Alternate Names: Lokeshvara Avalokita Lokanata Lokanatha Mahakarunika
Avalokiteshvara, Arya Lokeshvara (Tibetan: pag pa chen re zi. English: the Noble All Seeing Lord). There are many versions of this sculpture in wood, ivory and metal found in both temples and art collections around the world. Only the wood figures are considered of possible early origin created during the middle of the first millennium. There were three subjects of sculpture created from sandalwood to function as land taming religious objects for the important geomantic points in Tibetan geography. The first object was of an Eleven Faced Thousand-armed Lokeshvara. The second was a set of four Lokeshvara with two situated in Nepal and two in Tibet. The third group are two sets of 108 smaller Lokeshvara statues to fill the one hundred and eight land taming temples of Tibet built by King Songtsen Gampo (7th century).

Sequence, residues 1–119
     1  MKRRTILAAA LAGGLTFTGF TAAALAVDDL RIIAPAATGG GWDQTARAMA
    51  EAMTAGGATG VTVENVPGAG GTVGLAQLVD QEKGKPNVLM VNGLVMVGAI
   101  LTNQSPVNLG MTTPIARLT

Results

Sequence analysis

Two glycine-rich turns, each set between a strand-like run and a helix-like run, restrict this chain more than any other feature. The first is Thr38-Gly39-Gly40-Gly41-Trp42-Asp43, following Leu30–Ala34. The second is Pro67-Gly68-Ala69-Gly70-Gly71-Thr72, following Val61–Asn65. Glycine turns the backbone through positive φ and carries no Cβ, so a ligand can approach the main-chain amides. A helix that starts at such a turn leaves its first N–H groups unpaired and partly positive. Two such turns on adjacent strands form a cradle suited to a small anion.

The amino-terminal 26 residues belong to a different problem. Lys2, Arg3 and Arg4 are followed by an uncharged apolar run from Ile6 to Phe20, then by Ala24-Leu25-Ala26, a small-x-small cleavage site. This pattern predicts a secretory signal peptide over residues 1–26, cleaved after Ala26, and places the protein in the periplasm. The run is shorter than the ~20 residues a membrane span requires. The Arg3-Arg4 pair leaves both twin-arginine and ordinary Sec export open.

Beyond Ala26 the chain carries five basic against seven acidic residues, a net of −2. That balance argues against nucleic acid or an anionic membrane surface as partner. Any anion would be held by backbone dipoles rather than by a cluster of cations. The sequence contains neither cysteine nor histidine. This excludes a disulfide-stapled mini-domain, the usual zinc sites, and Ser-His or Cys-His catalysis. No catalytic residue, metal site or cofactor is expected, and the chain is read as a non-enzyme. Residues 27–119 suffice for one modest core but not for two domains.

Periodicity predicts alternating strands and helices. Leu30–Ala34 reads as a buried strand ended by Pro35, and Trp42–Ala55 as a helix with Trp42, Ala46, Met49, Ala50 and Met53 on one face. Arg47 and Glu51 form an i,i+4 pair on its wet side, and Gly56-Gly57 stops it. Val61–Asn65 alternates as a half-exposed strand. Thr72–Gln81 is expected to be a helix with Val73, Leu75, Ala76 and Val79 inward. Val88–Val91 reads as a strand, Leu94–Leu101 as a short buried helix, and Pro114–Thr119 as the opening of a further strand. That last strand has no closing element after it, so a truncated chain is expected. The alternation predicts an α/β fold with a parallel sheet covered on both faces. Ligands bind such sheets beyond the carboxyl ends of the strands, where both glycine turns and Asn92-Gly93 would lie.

The whereabouts of the Thousand Faced Lokeshvara is not currently known. The locations of the four Pagpa Lokeshvara are known. The locations of all of the 216 smaller Lokeshvara are not currently known. It is however possible that some of the sandalwood sculpture below are original to the time of Songtsen Gampo. The metal cast and ivory sculpture are copies and do not belong to the origin myth of the original Pagpa Lokeshvaras.
Jeff Watt 2-2015